Sheffield Council accused of 'grossly overestimating' cost of saving historic oak tree

Two environmental charities have accused Sheffield Council of making a 'gross overestimation' of the cost of saving a 150-year-old oak tree from being chopped down as part of the city's controversial tree-felling programme - and say the situation casts doubt on the wider scheme to replace thousands of existing trees with saplings.

Local residents have been fighting to save the Vernon Oak from being felled.

The Woodland Trust and Trees for Cities said the council are yet to respond to an expert report they have commissioned which puts forward alternative low-cost ideas to save the ‘Vernon Oak’, which the authority claims will cost £10,000 to save.

They say they have been waiting for a month to have a response from the council to a report they commissioned by highways engineer Martin Holland which states the tree could be saved with “simple measures”.

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The tree on Vernon Road, Dore, is currently on a council felling list, despite an Independent Tree Panel established by the council saying there was a “strong arboricultural case for retaining this tree” and its excellent condition meant it should be able to live for another 150 years.

But the tree has been deemed to be damaging to pavement kerbstones and the council has ruled the necessary work cannot be funded from inside its £2.2bn highways maintenance contract with Amey. The authority wished to cut it down last October but put the plans on hold after Trees for Cities offered to pay for engineering work to save it - leading to the commission of the report.

As part of the tree replacement programme, healthy trees are being removed in instances where they are deemed to be damaging to pavements or roads or ‘discriminatory’ in preventing people with wheelchairs and prams from using the pavements.

Mr Holland’s report said either amending the kerb or just conducting ‘reactive maintenance’ at no immediate cost would allow the tree to be saved as it is unlikely to ‘produce any immediate hazards’ and there are no records of any accidents.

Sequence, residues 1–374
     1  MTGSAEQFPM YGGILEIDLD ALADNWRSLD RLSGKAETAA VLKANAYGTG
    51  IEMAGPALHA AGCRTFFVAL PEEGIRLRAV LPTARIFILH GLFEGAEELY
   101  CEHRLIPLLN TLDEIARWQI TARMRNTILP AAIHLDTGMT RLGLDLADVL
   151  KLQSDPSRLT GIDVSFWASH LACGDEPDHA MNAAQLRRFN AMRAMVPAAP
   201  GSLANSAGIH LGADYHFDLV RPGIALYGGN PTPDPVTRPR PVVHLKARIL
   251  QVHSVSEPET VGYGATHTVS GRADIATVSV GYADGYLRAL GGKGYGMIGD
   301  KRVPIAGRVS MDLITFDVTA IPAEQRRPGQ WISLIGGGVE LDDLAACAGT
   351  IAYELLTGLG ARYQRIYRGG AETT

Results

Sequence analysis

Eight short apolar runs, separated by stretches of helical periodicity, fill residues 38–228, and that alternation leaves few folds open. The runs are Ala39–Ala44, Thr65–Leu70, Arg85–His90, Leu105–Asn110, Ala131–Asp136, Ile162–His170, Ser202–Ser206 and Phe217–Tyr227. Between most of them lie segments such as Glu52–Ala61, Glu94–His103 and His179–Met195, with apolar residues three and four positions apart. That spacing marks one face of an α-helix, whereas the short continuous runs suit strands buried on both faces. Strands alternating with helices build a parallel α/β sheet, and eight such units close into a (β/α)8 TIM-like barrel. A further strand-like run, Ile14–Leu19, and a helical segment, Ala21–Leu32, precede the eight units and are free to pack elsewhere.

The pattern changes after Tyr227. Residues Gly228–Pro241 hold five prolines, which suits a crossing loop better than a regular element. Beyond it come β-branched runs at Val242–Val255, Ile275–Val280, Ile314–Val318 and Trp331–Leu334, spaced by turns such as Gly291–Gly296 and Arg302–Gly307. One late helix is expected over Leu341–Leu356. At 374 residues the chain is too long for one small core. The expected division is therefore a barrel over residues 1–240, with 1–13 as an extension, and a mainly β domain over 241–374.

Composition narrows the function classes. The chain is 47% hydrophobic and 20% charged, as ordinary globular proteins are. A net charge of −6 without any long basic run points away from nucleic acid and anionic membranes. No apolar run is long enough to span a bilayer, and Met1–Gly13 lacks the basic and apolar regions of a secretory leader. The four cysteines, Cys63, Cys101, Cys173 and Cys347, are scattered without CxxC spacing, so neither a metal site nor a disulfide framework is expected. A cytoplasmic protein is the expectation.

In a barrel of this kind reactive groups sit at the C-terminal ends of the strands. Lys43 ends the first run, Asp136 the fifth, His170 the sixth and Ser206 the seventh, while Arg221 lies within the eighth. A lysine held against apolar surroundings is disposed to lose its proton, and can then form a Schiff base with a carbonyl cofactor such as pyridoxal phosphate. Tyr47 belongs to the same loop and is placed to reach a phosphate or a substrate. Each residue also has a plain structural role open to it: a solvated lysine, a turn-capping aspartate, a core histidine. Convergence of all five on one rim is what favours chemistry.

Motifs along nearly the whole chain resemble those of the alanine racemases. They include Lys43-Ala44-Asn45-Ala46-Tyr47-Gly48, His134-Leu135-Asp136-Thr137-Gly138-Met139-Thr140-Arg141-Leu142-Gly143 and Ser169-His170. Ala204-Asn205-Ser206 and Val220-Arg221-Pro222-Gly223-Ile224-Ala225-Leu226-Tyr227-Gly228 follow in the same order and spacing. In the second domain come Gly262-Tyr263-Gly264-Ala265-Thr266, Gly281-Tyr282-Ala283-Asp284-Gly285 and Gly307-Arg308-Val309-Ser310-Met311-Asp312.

The maximum cost of amending the kerb in the way Mr Holland suggests is put by Trees for Cities at an estimated £1,000.

Beccy Speight, chief executive of the Woodland Trust, said: “A legitimate solution has been put forward at no cost to the council other than its pride. Passions are running high on all sides but decisions must be based on fact. An independent assessment concludes that the Vernon Oak does not need to be felled, and counters claims that to retain it would cost £10,000 showing Sheffield City Council’s estimate is enormously over-inflated.

“This also casts doubt on decisions made for other healthy trees that face the axe as part of the Amey contract.”

David Elliott, chief executive of Trees for Cities, said: “We have contacted Sheffield City Council with a measured and cost effective solution to save the Vernon Oak, but it remains to be seen whether they will take the recommendations on board and act on evidence put forward by a highly regarded and experienced independent highways consultant. We urge the council to act reasonably, and preserve this tree, and the city’s reputation as one of the greenest in Europe.”

The two charities said they hope a recent pause in felling operations in the wake of growing national condemnation of the tree-felling policy will give the council the chance to respond to its findings.

A Sheffield Council spokeswoman said: “We have received the report at the end of February and are reviewing it. Once the review is complete we will respond to Trees for Cities.”